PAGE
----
Review - Wonder Woman

Wonder Woman (2017), PG-13, 141 minutes - Anticipation for this film has steadily increased over the past year, since the world first got a glimpse of Gal Gadot's Wonder Woman in Batman v Superman: Dawn of Justice, an appearance of limited screen time that was arguably the highlight of the film. As superhero films have risen to box office dominance over the last seventeen years, there has not yet been a successful female led superhero film released. That all changed this past weekend with this film directed by Patty Jenkins and starring Gadot (reprising her role from Batman v Superman). Wonder Woman is a breath of fresh air for the DCEU (DC Extended Universe) and has already broken box office records.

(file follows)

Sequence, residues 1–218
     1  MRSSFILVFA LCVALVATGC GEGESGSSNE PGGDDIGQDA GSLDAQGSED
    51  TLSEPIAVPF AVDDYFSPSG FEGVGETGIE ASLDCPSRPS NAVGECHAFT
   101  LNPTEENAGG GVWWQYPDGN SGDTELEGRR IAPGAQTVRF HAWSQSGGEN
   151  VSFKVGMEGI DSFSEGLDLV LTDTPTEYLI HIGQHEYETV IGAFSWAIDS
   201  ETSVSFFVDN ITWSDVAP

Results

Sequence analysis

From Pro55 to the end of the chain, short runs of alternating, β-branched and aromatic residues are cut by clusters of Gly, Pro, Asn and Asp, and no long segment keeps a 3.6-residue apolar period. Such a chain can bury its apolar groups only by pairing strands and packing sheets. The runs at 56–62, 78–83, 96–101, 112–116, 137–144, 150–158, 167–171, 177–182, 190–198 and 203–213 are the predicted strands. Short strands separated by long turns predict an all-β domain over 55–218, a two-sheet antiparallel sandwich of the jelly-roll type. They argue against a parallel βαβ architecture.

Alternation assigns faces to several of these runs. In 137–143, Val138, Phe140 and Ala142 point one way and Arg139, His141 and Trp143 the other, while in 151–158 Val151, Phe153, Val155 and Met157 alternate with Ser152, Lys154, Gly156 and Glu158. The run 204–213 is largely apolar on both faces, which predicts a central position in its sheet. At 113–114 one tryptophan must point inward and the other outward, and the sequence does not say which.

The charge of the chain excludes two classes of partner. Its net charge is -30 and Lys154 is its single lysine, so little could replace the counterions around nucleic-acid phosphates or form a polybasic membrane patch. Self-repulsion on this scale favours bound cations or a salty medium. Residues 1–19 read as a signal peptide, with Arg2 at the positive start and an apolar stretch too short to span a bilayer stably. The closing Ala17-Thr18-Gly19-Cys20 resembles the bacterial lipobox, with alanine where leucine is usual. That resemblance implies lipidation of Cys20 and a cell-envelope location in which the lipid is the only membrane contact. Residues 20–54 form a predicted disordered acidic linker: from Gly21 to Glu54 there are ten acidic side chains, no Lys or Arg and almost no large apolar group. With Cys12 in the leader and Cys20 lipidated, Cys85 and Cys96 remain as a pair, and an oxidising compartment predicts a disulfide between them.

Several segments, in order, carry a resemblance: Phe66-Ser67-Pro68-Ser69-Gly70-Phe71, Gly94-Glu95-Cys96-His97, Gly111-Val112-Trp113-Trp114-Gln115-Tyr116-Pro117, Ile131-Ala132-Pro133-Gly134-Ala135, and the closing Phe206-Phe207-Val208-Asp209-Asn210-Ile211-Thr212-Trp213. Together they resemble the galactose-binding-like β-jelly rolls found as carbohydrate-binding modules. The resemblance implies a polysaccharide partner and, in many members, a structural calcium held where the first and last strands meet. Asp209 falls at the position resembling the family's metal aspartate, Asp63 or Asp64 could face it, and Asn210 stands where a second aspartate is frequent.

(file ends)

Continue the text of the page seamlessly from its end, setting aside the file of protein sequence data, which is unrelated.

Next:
Wonder Woman uses a present day sequence (that loosely ties into existing DCEU continuity) to frame Diana's (Gadot) origin story, which is told via a World War I era flashback.  Diana grows up as an inquisitive, rebellious youth on the secluded, Amazon-inhabited, island of Themyscira, veiled from man's world by the Gods. Against her mother Queen Hyppolyta's (Connie Nielsen) wishes, she trains to become a warrior with Antiope (Robin Wright), the Amazonian General.  After Diana rescues pilot Steve Trevor (Chris Pine) from his plane's wreckage just off Themyscira's shores, she is introduced to the world and ways of man.  Queen Hippolyta feels the Amazons should not get involved in the problems of man, but Diana believes that only Ares (the God of War) could be behind the 'War to End All Wars' that Steve speaks of and vows to help in any way that she can.  After all, she argues, the Amazons were placed on Themyscira to one day combat Ares' evil. Queen Hippolyta decrees that the Amazons will not help mankind, causing Diana to rebelliously makes a bargain with Steve: she'll show him the way off of the island of Themyscira if he will take her to he front lines of the war so that she may combat Ares.